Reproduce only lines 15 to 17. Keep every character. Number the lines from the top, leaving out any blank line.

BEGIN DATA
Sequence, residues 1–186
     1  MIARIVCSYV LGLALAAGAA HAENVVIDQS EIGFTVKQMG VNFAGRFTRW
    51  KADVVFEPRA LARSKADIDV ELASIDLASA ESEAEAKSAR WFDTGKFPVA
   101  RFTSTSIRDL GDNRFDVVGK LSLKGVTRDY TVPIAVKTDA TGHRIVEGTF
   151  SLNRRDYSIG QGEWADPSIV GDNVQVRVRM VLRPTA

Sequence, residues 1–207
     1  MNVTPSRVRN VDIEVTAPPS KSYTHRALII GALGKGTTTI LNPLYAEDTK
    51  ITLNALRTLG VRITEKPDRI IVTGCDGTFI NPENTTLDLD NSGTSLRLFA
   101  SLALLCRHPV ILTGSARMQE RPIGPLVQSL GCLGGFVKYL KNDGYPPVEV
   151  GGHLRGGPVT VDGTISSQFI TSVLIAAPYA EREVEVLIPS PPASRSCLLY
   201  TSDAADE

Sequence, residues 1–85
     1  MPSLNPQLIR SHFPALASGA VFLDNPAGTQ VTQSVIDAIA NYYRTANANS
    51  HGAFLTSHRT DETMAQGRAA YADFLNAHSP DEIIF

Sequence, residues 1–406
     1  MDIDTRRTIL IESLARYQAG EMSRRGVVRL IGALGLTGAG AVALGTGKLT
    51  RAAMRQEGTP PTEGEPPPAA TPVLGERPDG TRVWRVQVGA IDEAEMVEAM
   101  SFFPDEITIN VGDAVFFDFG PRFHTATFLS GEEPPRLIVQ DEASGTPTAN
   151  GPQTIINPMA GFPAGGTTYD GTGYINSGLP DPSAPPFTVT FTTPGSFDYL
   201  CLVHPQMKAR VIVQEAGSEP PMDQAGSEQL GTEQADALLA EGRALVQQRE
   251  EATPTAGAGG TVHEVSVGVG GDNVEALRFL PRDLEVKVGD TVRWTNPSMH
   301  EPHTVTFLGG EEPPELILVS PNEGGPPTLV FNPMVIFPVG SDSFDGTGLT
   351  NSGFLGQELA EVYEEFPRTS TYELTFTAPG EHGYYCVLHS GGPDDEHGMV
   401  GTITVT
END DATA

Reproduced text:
Sequence, residues 1–406
     1  MDIDTRRTIL IESLARYQAG EMSRRGVVRL IGALGLTGAG AVALGTGKLT
    51  RAAMRQEGTP PTEGEPPPAA TPVLGERPDG TRVWRVQVGA IDEAEMVEAM